New York Governor Andrew Cuomo submitted 184 vetoes on the 2015-2016 State Budget. Two of these applied to Stony Brook University, rejecting funding to Kenneth P. LaValle Stadium and a proposed indoor practice facility and exam center. PHOTO CREDIT: GOVERNOR'S PRESS OFFICE
“This dangerous product is a public health disaster waiting to happen,” New York Gov. Andrew Cuomo, above, said in a news release. “I am proud to sign this legislation that will keep powdered alcohol off the shelves and out of the wrong hands.” PHOTO CREDIT: GOVERNOR’S PRESS OFFICE

New York State joined 24 other states on Friday, Aug. 14 in banning the sale of a new type of alcohol available in powder form and commonly referred to as “Palcohol.”

This legislation amends the already existing alcohol beverage control law to include the terms “powder” and “crystalline” to the definition of “alcoholic beverage” and bans the sale of any types of alcohol in those forms.

The Alcohol and Tobacco Tax and Trade Bureau approved powdered alcohol federally in 2014, but later reversed the decision, which the bureau said had been made “in error.” This has left the choice of whether or not to allow sale of the powder up to the individual states.

Mark Phillips, who is currently the only U.S. distributor attempting to sell powdered alcohol, said in an email that “[the legislation] will create a black market making it easier for kids to get a hold of. And New York will miss out on significant tax revenue from the legal sale of Palcohol.”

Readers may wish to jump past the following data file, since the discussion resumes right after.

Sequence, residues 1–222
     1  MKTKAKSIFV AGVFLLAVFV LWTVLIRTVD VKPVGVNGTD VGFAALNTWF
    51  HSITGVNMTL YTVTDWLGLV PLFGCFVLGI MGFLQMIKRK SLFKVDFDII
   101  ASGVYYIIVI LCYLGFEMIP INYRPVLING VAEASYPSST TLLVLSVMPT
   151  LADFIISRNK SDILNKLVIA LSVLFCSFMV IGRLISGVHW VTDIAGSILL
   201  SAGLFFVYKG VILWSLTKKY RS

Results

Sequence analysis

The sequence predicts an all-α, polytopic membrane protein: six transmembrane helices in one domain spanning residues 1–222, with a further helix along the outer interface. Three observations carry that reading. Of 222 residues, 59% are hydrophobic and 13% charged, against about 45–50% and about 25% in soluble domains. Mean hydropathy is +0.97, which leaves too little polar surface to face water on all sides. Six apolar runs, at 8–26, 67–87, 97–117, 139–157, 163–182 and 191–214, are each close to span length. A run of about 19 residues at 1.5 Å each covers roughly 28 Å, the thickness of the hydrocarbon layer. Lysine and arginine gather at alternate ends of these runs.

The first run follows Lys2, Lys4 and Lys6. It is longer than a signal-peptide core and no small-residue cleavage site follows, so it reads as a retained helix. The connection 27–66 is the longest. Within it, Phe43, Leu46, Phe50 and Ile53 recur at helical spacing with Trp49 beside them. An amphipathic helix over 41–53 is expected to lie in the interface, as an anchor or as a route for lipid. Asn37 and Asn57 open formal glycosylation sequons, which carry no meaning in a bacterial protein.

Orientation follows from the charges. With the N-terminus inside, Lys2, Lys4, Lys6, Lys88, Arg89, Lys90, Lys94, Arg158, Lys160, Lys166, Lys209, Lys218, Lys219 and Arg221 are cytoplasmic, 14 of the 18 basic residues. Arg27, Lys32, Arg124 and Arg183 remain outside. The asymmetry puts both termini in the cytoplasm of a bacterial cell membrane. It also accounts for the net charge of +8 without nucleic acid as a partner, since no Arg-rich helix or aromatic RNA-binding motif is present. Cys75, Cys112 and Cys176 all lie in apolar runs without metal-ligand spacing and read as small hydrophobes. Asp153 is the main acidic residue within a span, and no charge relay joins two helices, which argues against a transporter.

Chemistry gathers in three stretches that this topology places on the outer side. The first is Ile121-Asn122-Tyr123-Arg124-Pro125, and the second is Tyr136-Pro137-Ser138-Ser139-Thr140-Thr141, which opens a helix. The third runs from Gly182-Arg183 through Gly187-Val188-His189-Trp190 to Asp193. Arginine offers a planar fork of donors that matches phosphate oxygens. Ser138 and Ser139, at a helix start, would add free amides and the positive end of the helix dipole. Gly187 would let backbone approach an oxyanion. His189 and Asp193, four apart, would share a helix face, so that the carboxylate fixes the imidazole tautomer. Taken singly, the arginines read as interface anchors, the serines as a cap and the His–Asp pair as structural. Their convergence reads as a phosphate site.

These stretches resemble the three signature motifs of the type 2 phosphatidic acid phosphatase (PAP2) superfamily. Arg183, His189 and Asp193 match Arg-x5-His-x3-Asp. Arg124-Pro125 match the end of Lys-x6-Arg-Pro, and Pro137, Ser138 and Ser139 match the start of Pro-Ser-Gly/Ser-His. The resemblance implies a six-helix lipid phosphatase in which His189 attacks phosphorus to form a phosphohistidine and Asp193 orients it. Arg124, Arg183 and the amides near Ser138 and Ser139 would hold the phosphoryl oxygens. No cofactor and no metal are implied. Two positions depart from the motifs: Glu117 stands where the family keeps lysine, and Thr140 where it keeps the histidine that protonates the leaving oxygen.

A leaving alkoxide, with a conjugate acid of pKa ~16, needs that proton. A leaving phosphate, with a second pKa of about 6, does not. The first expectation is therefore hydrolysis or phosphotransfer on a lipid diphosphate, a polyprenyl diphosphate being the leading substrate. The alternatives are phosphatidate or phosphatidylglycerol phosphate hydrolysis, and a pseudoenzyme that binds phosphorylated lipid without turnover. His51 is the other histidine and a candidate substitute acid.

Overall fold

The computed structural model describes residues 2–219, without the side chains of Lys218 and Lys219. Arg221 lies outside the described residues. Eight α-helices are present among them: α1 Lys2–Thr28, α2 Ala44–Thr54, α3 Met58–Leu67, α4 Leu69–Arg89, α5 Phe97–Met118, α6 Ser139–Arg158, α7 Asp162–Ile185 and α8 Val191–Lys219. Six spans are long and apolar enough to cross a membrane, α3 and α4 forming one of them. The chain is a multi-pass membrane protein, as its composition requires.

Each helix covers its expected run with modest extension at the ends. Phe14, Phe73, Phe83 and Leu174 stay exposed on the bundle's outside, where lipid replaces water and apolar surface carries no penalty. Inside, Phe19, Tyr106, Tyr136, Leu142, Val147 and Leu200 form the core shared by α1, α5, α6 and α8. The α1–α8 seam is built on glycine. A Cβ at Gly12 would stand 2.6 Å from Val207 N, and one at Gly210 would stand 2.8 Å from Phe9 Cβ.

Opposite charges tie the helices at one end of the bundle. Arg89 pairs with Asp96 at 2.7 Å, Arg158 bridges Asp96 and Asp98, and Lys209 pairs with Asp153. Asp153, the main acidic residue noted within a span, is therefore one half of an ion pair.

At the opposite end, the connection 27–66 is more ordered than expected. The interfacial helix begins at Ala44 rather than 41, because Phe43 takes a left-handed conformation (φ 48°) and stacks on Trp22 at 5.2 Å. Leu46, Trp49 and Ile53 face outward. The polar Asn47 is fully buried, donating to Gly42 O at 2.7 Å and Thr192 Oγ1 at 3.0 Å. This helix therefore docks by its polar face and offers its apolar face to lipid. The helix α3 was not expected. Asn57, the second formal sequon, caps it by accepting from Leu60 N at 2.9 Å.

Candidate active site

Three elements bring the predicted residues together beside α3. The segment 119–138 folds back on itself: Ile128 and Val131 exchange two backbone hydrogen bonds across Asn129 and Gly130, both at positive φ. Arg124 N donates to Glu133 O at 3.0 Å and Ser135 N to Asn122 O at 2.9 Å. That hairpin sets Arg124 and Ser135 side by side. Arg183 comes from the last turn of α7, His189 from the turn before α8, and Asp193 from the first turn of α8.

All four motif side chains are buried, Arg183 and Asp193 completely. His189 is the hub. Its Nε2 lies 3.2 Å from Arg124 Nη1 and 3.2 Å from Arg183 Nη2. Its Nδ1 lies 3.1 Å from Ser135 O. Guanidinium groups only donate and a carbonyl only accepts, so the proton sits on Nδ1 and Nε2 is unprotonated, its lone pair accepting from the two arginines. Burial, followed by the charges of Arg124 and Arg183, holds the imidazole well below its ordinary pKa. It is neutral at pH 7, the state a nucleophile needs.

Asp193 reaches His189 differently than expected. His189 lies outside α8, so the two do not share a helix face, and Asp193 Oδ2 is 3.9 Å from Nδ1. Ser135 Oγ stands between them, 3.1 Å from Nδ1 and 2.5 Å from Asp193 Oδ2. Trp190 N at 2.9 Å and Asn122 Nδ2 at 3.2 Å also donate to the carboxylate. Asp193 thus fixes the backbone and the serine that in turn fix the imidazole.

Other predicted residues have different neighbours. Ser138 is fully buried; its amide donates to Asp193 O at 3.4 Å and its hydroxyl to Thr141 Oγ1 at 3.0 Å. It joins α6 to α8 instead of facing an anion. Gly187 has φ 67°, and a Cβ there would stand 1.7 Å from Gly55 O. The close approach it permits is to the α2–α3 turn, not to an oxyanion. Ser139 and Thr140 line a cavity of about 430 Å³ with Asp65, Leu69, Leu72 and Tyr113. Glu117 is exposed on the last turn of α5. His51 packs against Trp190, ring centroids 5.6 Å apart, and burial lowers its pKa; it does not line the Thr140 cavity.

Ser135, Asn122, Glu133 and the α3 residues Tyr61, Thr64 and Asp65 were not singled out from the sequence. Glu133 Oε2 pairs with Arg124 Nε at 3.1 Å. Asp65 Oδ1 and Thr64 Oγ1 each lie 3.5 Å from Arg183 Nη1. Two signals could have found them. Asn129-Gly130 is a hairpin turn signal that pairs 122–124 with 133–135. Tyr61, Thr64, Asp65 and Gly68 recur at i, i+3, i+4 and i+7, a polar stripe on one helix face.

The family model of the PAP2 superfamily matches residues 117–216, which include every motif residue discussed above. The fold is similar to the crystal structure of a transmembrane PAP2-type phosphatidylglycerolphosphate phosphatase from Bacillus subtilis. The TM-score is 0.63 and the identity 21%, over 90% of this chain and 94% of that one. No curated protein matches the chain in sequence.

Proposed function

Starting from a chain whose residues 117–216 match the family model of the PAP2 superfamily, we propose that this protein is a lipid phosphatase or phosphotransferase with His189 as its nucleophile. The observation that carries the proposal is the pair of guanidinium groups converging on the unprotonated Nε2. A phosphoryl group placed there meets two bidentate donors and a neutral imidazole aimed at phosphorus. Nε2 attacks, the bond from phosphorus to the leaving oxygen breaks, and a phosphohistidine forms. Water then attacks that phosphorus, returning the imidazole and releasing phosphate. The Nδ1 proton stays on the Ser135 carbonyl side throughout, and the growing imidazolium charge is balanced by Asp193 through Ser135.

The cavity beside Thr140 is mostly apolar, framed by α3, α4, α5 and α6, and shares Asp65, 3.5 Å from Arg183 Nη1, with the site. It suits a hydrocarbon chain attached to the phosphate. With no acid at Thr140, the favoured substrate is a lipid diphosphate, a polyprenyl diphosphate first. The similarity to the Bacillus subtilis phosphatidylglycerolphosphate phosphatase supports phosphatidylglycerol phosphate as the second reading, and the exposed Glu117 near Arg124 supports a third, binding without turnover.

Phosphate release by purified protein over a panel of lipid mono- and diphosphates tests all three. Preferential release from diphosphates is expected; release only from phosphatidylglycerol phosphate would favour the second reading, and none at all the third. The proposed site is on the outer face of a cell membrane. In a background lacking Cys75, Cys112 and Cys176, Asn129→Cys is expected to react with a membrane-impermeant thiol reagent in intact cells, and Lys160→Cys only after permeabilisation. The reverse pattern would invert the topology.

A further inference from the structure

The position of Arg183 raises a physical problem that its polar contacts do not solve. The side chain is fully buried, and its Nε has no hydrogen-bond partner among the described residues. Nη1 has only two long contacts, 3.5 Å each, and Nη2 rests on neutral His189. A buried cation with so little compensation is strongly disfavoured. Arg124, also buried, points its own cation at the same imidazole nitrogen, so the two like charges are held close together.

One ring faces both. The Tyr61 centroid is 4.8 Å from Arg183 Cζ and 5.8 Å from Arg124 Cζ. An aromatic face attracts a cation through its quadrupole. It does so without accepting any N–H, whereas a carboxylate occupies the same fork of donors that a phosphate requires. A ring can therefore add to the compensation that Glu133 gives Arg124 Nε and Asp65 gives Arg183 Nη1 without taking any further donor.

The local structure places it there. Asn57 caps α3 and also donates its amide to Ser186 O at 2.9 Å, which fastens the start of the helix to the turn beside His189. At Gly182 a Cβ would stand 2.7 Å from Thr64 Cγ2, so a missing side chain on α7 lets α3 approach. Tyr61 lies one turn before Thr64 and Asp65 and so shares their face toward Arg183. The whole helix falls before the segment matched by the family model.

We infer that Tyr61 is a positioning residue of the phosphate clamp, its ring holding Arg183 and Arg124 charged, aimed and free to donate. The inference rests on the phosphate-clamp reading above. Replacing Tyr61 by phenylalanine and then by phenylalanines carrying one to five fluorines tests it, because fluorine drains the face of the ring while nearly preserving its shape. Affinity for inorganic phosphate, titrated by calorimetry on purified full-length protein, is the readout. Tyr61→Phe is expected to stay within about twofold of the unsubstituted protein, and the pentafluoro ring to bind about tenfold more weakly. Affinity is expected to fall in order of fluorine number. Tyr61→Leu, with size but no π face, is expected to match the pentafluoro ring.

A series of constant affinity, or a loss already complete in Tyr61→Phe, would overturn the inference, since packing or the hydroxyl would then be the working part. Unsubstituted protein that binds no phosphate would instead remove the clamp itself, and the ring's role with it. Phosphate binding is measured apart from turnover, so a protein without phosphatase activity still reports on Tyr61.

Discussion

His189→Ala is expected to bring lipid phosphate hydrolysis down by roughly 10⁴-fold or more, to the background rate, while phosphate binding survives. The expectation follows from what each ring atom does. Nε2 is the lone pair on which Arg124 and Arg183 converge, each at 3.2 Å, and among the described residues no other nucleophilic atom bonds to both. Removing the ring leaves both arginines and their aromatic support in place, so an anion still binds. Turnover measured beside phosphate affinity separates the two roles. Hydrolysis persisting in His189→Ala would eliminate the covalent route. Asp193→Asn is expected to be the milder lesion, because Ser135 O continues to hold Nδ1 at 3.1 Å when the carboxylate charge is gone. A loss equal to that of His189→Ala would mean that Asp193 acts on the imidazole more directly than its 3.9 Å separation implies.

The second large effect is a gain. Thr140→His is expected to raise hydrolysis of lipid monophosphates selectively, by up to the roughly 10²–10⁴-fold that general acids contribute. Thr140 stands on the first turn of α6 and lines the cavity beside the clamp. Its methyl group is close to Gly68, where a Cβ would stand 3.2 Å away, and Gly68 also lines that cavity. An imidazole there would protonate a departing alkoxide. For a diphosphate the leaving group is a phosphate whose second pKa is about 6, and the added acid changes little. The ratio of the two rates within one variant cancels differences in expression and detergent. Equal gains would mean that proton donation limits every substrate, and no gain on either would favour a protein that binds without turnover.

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“This dangerous product is a public health disaster waiting to happen,” Gov. Andrew Cuomo said in a news release. “I am proud to sign this legislation that will keep powdered alcohol off the shelves and out of the wrong hands.”

Common concerns regarding the sale of powdered alcohol include the possibility of it being snorted, used to spike drinks and brought into places where alcohol is prohibited. There is also worry that being able to easily conceal and transport the powder will cause it to be abused by those under the age of 21.

“This law signed today gives us that rare proactive opportunity to avoid exposing our most vulnerable to one more substance that could have a detrimental impact on their lives,” State Sen. Joseph Griffo, a sponsor of the bill, explained in the news release.

When reached for comment, Rocco LaDuca, a spokesman for Griffo, clarified that a violation of this ban would be treated as a misdemeanor under New York State Alcoholic Beverage Control laws, and could be punishable by a fine and/or up to a year in county jail.

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While the amendment makes it illegal to sell powdered alcohol, it didn’t address the legality of producing or owning it. The main ingredient, tapioca maltodextrin, is readily available online and can be easily mixed with alcohol to create the powder.

Similar products are available in countries such as Japan, where powdered alcohol is marketed and sold by Sato Foods, and in Germany, where it’s known as “subyou.” While the product is currently still legal in 25 states and various other countries, transporting it into New York is prohibited.

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